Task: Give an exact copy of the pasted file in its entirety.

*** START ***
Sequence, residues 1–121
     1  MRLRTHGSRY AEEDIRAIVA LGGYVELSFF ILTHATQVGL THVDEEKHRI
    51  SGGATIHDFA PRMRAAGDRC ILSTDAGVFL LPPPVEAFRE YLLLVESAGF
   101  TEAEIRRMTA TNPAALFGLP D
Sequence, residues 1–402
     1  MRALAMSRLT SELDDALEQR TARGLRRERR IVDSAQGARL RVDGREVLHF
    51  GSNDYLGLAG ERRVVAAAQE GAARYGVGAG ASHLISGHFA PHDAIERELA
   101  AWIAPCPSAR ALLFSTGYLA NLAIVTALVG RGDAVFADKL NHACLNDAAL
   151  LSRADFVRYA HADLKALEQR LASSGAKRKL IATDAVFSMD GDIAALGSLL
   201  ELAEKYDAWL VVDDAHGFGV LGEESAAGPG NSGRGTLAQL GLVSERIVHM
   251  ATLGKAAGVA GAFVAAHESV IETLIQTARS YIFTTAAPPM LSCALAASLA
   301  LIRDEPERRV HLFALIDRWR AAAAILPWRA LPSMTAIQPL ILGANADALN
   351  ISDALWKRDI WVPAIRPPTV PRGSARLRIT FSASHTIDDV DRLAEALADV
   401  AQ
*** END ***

Sequence, residues 1–121
     1  MRLRTHGSRY AEEDIRAIVA LGGYVELSFF ILTHATQVGL THVDEEKHRI
    51  SGGATIHDFA PRMRAAGDRC ILSTDAGVFL LPPPVEAFRE YLLLVESAGF
   101  TEAEIRRMTA TNPAALFGLP D
Sequence, residues 1–402
     1  MRALAMSRLT SELDDALEQR TARGLRRERR IVDSAQGARL RVDGREVLHF
    51  GSNDYLGLAG ERRVVAAAQE GAARYGVGAG ASHLISGHFA PHDAIERELA
   101  AWIAPCPSAR ALLFSTGYLA NLAIVTALVG RGDAVFADKL NHACLNDAAL
   151  LSRADFVRYA HADLKALEQR LASSGAKRKL IATDAVFSMD GDIAALGSLL
   201  ELAEKYDAWL VVDDAHGFGV LGEESAAGPG NSGRGTLAQL GLVSERIVHM
   251  ATLGKAAGVA GAFVAAHESV IETLIQTARS YIFTTAAPPM LSCALAASLA
   301  LIRDEPERRV HLFALIDRWR AAAAILPWRA LPSMTAIQPL ILGANADALN
   351  ISDALWKRDI WVPAIRPPTV PRGSARLRIT FSASHTIDDV DRLAEALADV
   401  AQ